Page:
History of Glassmaking in Scotland

Robin Murdoch

The use of glass in Scotland is noted as far back as the Roman period in the form of a few vessels, some window shards, bangles and beads.  Limited use can also be detected through the early historic period until, in the 12th century, there is a rapid increase with the start of the great cathedral building era. 
There is as yet no proof either physical or documentary that glass was made from raw materials in Scotland  before the first decade of the 17th century.  We must therefore presume that anything found in Scotland before that date must have been imported.  There was no Scottish industry equivalent to or contemporary with that in the Sussex Weald.
It is likely that the Scottish industry was a direct spin-off from the ‘rebirth’ of the English industry in the 1560s.  A new breed of entrepreneur emerged in the early 17th century in Scotland and started what could easily be described as the industrial era.  People like Sir George Bruce at Culross with his coal mines and salt pans (50 of the latter) and Sir George Hay of Nethercliff who may have been the first to make glass on the shores of Loch Maree.  This unexpected site saw him also experiment with iron works.
Glass was certainly being made at Wemyss, Fife, and Morison’s Haven, East Lothian, early in 17th century.  Major works at Leith and Glasgow would follow and several more were set up in the 18th century.  A highly successful but remarkably short-lived window glass works at Dumbarton on the Clyde prospered in the late 18th and early 19th centuries.  Robin’s paper will fill in a lot of the detail of the Scottish journey in glass.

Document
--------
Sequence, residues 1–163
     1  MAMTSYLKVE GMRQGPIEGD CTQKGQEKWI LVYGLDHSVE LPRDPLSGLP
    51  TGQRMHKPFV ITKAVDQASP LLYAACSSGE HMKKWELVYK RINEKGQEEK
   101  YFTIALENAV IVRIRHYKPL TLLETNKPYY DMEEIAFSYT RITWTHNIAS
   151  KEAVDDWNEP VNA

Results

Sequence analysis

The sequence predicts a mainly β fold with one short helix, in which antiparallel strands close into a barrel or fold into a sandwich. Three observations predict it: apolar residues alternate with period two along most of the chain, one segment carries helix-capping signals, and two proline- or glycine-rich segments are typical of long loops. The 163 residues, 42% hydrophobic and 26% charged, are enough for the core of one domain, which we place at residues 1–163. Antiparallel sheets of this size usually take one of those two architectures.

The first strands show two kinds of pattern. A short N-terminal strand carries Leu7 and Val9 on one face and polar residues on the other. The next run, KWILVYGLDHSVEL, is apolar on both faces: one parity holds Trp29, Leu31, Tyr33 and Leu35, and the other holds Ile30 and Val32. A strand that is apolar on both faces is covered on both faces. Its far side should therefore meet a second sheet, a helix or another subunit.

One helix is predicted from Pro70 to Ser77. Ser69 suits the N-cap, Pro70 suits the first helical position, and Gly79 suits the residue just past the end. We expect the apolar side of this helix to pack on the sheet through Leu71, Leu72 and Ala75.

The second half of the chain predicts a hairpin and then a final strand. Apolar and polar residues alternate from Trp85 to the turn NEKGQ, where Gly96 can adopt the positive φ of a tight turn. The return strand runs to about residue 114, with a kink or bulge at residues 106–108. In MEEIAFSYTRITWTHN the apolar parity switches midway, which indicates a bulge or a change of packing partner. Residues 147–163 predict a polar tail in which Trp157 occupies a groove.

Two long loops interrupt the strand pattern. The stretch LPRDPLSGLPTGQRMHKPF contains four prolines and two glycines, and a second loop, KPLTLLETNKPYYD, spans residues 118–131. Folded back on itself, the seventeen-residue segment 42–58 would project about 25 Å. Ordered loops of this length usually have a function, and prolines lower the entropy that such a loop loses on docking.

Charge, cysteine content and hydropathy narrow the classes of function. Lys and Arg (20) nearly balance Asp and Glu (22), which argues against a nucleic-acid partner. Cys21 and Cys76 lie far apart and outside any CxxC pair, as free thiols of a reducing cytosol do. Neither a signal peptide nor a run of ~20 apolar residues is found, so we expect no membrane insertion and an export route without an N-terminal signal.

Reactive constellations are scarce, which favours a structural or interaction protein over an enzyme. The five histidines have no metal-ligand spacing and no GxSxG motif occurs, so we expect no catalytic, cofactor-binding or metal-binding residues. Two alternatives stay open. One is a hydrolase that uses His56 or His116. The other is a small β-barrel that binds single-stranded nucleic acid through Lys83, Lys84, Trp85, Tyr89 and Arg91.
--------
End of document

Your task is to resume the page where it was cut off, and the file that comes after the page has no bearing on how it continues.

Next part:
Born in Edinburgh and still resident in its outskirts, Robin regards himself as a ’poacher turned gamekeeper’.  An engineer by profession until taking voluntary redundancy in 1991, seeking a lifestyle change he joined up with Scotia Archaeology, a small independent archaeological contracting company.  However, he had been involved in amateur archaeology since 1972 and was chair of the Edinburgh Archaeological Field Society (EAFS) for eighteen years. He was elected a fellow of the Society of Antiquaries of Scotland in 1976.
His interest was triggered by the discovery of a cache of 17th/18th century glass during EAFS excavations at Cramond Tower, near Edinburgh, in 1978.  Colleagues soon approached him to look at glass from their excavations and the whole thing took off.  Over a thirty-year period he has reported on assemblages from many Scottish sites and these have been published in a variety of ways including the proceedings of The Society of Antiquaries of Scotland.
His hands-on archaeological experience ranges through virtually all periods from Mesolithic to Industrial and needless to say, coming from an engineering background, Industrial  Archaeology is a particular favourite!  In recent years he has carried out considerable research on behalf of Historic Scotland into the iron industry in Scotland and is a trustee of The Scottish Ironwork Foundation.  Back on the subject of glass he contributed the chapter on window glass for one of Historic Scotland’s most recent publications, ‘Building Scotland’, which came out in March this yea